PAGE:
Issue No.02 - March-April (2008 vol.25)
Published by the IEEE Computer Society
Sachin Sapatnekar , University of Minnesota
DOI Bookmark: http://doi.ieeecomputersociety.org/10.1109/MDT.2008.31
This is a review of <em>Design for Manufacturability and Yield for Nano-Scale CMOS</em> (by Charles Chiang and Jamil Kawa). DFM is a rapidly growing field that uses design techniques to improve manufacturing yield. However, the dilution in the interface between design and manufacturing implies that today, to build a circuit with enhanced yield, a designer must know more about manufacturing than ever before. The first step to embracing yield considerations is to learn about them, and this book portrays the landscape of this area in an excellent way. It describes methods for modeling variations, optimizing them, and learning to design around them when they occur. The overall structure of this book is well thought out and logical, and the reader who peruses it will be rewarded with an excellent view of the field.
Reviewed in this issue
Design for Manufacturability and Yield for Nano-Scale CMOS, by Charles Chiang and Jamil Kawa (Springer, 2007, ISBN: 978-1-4020-5187-6, 254 pp., $119.00).
One of the wonders of the Mead-Conway revolution was in providing a clean break between the design process and manufacturing. Circuits could neatly be represented by stick diagrams, and the separation requirements between features on a die could be captured by a set of design rules. In nanoscale CMOS technologies, this division between design and manufacturing is no longer as simple. In the modern area, subwavelength lithography issues and random variations have created headaches for designers. Fortunately, engineering ingenuity provides a remedy: design for manufacturability. DFM is a rapidly growing field that uses design techniques to improve manufacturing yield. However, as with many cures, this too has side effects: the dilution in the interface between design and manufacturing implies that today, to build a circuit with enhanced yield, a designer must know more about manufacturing than ever before. The first step to embracing yield considerations is to learn about them, and Design for Manufacturability and Yield for Nano-Scale CMOS, by Charles Chiang and Jamil Kawa, portrays the landscape of this area in an excellent way. The book describes methods for modeling variations, optimizing them, and learning to design around them when they occur—as they inevitably must.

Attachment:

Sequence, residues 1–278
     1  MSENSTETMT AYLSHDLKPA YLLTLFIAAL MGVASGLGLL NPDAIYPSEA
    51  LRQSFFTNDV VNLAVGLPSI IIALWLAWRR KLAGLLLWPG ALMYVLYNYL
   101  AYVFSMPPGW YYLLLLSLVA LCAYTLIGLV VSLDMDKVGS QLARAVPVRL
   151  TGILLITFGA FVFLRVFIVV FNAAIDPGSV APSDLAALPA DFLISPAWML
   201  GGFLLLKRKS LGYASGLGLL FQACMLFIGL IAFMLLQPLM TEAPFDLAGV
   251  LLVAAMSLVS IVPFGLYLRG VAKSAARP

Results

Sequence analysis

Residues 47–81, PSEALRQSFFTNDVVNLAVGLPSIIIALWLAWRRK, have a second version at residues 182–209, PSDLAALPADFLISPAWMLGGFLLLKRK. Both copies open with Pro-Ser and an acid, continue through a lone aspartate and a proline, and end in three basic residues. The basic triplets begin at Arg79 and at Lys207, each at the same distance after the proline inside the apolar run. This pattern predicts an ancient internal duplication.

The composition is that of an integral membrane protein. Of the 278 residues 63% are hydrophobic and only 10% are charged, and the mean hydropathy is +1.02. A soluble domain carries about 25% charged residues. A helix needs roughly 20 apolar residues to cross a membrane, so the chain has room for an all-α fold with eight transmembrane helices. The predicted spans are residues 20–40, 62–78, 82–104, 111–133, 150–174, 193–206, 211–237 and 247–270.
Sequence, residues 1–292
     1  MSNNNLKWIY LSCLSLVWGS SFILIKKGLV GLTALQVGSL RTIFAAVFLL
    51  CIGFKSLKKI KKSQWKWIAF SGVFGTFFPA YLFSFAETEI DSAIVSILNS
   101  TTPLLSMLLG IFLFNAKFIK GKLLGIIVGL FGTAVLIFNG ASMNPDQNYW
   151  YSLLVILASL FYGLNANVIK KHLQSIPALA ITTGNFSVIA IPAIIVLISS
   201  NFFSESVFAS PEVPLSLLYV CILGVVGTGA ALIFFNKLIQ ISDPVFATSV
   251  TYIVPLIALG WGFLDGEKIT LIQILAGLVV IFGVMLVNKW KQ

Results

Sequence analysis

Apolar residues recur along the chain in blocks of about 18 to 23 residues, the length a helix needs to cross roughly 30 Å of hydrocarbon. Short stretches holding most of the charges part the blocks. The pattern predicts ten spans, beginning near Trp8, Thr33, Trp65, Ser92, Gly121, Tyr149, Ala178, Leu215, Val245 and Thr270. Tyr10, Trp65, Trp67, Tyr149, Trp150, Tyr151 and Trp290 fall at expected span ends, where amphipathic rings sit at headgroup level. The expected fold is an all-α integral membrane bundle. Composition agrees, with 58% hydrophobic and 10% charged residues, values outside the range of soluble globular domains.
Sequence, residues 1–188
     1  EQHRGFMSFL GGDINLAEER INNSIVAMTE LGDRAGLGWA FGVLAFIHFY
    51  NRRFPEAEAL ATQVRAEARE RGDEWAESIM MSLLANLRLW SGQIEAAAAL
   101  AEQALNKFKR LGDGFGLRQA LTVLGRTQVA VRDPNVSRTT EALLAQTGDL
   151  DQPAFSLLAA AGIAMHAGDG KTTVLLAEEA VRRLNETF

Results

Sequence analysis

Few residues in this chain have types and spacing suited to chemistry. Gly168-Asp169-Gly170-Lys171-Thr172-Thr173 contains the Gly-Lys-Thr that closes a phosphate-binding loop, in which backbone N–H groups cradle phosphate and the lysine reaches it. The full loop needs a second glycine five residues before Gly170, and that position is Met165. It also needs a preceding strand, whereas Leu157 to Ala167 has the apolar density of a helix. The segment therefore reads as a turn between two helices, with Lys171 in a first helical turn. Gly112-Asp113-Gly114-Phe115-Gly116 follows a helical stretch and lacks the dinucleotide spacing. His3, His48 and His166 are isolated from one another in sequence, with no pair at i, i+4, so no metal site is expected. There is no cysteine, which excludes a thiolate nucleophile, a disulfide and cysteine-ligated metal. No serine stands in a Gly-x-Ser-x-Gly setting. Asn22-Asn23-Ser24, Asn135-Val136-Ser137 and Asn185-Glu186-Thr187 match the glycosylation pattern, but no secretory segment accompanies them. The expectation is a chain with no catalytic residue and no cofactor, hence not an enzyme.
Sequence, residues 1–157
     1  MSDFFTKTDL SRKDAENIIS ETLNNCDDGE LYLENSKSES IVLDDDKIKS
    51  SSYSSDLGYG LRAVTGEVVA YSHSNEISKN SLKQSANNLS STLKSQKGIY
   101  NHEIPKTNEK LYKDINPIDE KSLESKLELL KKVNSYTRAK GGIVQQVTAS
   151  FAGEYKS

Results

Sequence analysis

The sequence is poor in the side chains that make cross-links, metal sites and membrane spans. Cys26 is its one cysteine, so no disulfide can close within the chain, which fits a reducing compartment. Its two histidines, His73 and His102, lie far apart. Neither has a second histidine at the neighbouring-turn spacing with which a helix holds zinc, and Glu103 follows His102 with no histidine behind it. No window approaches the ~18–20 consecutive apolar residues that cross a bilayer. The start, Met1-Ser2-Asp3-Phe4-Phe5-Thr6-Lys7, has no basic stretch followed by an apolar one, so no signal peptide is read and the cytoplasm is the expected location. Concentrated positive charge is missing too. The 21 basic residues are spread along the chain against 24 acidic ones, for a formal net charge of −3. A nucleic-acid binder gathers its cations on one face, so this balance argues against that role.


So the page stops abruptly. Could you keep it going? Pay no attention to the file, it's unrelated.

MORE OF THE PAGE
An introductory chapter orients the reader by describing the issues involved in DFM and design for yield (DFY). This includes a basic overview of manufacturing advances that motivate the material in this book, including subwavelength lithography and new materials such as copper and low-K and high-K dielectrics. The remainder of the book covers failures and variations caused by phenomena such as random defects, subwavelength lithography, and chemical-manufacturing polishing (CMP), and discusses yield enhancement techniques to overcome these problems.
Chapter 2 begins with a description of the effects of random defects and their contribution to circuit failure. These defects can cause wires to be open or short circuited, or change the threshold voltage or mobility of a transistor. They are caused by particles in the photoresist, particles in the materials to be removed or added, or defects in the crystal structure. A thorough presentation of the theory of critical area for spot defects is provided. This includes analytical methods, whose roots lie in work that is a few decades old, and goes up to more recent work for critical area analysis and optimization.